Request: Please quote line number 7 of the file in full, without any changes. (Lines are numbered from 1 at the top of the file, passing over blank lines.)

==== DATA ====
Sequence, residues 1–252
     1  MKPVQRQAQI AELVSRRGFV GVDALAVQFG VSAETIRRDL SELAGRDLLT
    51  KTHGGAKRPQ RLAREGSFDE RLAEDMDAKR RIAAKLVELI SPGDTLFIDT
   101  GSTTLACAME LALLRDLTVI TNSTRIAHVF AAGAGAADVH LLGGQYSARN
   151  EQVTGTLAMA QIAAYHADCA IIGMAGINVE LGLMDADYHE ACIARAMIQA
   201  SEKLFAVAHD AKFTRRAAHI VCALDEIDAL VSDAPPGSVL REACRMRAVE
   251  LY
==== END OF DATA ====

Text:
   251  LY